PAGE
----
On Blogging / Protecting Your Site

The tech side of blogging can be a dark and scary place. Things crash, disappear and stop working and, if you aren’t careful, all of your hard work can be gone in an instant. Luckily, there are ways to protect your site and hard work. Today, Allyssa is sharing her tips for protecting your blog from the worst.

If your blog were to be deleted right now, would you be able to recover it? If not, then it’s time to think about implementing a backup plan for when it happens, because it will happen. Nowadays, it’s no longer a matter of if, but when. Bad themes and plugins, hackers, and accidents can wreak havoc on your site. Do you want to leave your site and all of your carefully created content up to chance? I didn’t think so. In order to ensure that your site content doesn’t disappear should the worst happen, it’s important to have a backup plan in place. Here are some tips to keep in mind while getting your site backed up.

Check With Your Host

Many times, when you purchase hosting, automated backups are included. And if they’re not, your host most likely offers some sort of backup solution. If you’re not comfortable getting your hands dirty, this is a great way to go.

Install a Backup Plugin

There are tons of WordPress backup plugins available (I’ve listed a few here). My personal favorite is BackupBuddy, which I’ve been using since July. It’s not free, but when it comes to backing up your site, it’s sometimes better to pay rather than going the free route. There are still great free options available, you just have to do your research (which you should do even for paid services).

Go Offsite

Many of the backup plugins available create a backup and store it on your server. While that’s great, what happens if your site is hacked or even deleted? There’s a chance that those backups will be affected as well, so keeping a copy of your backups offsite is incredibly important. BackupBuddy and many other backup plugins allow you to send your backups to remote destinations, such as Dropbox, Amazon Web Services, and even email.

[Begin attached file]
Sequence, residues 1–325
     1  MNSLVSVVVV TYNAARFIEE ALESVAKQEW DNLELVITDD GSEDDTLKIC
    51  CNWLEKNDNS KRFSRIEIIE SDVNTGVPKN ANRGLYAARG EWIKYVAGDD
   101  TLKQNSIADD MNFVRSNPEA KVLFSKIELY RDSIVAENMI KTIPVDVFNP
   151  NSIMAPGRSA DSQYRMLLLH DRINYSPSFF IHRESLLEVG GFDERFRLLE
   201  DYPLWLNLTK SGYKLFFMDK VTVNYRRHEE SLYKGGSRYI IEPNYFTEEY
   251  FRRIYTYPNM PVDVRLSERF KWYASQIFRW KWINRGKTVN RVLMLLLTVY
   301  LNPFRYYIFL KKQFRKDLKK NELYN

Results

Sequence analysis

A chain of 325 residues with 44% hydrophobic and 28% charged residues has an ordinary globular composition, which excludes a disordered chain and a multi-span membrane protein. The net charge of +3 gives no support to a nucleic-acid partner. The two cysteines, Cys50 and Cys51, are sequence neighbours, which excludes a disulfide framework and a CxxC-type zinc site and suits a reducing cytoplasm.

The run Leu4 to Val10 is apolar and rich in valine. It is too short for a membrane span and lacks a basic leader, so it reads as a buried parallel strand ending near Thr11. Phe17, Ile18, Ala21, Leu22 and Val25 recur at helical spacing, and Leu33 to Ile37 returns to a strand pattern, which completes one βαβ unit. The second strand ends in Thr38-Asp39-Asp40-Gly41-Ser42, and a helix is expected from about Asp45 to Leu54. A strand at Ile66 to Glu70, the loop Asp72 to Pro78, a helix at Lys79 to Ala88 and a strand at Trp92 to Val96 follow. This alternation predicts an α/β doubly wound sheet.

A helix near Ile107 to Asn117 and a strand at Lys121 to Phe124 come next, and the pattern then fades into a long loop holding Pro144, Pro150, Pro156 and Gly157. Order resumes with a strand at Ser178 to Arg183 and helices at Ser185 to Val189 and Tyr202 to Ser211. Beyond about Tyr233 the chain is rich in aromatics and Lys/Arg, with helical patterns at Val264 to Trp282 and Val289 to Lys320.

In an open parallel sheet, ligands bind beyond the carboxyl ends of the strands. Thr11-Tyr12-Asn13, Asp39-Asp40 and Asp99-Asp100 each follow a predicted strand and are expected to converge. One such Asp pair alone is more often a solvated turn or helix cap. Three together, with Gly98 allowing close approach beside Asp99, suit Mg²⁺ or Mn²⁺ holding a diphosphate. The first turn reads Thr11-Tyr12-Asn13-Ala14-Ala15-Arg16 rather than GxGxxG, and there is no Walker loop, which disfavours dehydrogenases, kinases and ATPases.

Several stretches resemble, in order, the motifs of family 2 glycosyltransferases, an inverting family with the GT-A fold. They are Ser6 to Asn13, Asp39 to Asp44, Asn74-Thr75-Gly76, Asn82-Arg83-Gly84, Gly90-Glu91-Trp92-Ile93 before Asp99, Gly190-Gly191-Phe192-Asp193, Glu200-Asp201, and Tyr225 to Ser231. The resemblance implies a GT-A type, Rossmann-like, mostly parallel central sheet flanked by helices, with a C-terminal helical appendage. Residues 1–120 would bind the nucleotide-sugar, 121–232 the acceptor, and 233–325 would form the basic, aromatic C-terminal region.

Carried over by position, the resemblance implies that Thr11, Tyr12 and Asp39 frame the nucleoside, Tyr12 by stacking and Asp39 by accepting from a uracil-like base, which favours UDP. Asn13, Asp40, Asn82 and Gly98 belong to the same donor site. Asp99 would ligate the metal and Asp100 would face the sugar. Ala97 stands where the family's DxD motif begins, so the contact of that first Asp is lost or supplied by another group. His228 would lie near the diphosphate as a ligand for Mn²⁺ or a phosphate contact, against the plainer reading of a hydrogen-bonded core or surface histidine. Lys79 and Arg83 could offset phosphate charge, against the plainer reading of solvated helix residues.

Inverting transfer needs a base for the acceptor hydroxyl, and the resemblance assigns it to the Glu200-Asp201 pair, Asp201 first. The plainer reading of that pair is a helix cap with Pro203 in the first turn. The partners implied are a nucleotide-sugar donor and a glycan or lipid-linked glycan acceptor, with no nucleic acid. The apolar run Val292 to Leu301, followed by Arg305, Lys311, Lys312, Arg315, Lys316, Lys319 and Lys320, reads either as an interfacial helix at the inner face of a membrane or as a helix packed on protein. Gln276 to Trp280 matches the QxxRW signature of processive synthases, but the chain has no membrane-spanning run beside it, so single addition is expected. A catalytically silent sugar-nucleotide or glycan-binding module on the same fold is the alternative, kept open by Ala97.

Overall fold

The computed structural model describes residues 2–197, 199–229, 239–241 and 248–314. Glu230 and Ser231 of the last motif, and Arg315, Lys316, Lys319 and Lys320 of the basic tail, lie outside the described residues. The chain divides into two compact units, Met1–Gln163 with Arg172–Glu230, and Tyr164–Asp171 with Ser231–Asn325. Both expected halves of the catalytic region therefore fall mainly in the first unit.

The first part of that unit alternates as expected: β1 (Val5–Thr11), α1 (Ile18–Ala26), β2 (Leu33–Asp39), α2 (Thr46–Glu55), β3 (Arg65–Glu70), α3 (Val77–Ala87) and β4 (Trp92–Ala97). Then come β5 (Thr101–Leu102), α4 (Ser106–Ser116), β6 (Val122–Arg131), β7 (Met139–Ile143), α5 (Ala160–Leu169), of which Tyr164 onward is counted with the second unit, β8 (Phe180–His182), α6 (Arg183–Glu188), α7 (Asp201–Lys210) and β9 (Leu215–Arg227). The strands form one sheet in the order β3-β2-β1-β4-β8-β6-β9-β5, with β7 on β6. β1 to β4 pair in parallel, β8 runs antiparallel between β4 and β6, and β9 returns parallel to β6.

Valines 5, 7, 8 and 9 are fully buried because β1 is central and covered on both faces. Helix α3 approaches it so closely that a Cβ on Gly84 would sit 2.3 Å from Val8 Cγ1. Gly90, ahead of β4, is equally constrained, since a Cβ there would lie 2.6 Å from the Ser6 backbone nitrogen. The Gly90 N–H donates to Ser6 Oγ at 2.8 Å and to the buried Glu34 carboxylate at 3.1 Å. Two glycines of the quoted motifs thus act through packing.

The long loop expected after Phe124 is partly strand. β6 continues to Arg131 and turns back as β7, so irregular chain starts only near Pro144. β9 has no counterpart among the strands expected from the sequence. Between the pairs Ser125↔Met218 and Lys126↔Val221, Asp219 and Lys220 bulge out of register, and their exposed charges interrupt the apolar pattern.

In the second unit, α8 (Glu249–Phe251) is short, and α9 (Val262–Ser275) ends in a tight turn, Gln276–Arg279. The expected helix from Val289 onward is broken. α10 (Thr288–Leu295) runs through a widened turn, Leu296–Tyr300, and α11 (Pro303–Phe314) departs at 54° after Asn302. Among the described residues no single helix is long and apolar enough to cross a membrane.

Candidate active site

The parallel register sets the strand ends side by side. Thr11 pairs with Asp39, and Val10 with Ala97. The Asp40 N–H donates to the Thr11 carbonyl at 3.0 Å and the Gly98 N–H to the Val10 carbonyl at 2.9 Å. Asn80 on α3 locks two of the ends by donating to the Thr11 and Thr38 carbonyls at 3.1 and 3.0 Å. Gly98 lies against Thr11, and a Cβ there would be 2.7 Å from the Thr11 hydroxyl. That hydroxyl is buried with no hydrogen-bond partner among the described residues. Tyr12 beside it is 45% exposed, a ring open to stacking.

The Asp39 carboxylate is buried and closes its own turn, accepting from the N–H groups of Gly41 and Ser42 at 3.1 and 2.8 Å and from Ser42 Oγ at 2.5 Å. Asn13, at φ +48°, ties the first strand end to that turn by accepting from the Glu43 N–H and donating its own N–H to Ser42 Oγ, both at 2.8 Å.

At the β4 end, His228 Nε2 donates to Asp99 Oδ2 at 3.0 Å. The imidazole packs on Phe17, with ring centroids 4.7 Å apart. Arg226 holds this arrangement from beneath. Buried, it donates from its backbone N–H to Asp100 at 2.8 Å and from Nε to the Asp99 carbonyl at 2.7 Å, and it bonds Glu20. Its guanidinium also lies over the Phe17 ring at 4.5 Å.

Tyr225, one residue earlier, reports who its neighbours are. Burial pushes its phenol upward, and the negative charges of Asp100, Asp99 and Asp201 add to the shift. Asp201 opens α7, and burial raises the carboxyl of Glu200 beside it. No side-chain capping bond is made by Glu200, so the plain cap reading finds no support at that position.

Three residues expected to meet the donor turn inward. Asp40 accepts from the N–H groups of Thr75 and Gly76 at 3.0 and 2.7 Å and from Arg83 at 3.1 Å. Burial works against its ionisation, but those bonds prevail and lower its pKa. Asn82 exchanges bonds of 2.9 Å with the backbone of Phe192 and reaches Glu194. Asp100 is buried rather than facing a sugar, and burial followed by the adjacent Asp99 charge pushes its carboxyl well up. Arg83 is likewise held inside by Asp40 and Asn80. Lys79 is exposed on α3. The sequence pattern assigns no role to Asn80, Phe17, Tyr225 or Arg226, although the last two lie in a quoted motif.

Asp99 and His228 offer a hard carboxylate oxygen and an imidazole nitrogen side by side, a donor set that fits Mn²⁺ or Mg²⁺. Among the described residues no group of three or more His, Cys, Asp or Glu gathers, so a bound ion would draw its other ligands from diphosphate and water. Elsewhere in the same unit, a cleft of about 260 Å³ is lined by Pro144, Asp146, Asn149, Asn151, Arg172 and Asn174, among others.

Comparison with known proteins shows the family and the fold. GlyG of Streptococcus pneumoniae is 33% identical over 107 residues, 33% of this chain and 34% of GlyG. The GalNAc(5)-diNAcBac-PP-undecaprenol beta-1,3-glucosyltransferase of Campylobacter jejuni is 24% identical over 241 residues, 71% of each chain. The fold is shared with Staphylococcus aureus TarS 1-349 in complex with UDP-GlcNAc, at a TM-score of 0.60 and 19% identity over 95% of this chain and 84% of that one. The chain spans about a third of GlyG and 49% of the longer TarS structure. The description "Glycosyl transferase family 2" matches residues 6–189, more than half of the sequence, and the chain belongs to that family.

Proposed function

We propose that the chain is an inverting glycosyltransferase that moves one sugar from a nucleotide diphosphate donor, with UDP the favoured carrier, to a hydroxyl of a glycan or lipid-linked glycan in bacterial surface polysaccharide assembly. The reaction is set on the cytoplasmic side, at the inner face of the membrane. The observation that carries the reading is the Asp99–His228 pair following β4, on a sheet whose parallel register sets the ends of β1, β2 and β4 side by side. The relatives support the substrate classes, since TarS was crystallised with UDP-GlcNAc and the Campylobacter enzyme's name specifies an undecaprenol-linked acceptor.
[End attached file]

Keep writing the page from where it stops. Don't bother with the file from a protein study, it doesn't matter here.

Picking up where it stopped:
Save Multiple Backups

While offsite backups are probably the most favorable, that’s not to say you shouldn’t store your backups on your server, it just shouldn’t be your only backup. In fact, it’s always best to have multiple backups in place in case something happens to one. So keep a backup on your server and send another to Dropbox.

Make it Automatic

A good backup is one that exists. If you are backing your site up manually, odds are you’ll forget at some point or another. And what happens when your forgetfulness coincides with when your site gets hacked? That’s where automatic backups come in. Setting up your backups to occur daily or even weekly ensures that you’ll always have a current backup for when the need arises. Plus, it’s one less thing you have to worry about.

About the Author

I’m Allyssa and I’m a web designer from New Jersey. I work with small business owners and bloggers to make their websites as awesome as they are.

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  1. January 21, 2015 / 7:52 am

    GoDaddy have a pretty good automatic back up system as part of my WordPress package with them but I should definitely look into a second back up option – thank you for the reminder!

    Ioanna | Hearting.co.uk

  2. January 21, 2015 / 9:44 am

    Thanks for allowing me to guest post for you!

  3. January 21, 2015 / 9:44 am

    Thanks for allowing me to guest post for you!

  4. Sarah Clare
    January 21, 2015 / 10:36 am

    I use Flywheel and would never go back to managing it myself! They take care of all of your backups and updates and security stuff; if you get hacked, they’ll even remove the malware for free. Plus, their support team answers the phone RIGHT away. Super recommended if you’re looking for managed WordPress hosting! https://getflywheel.com

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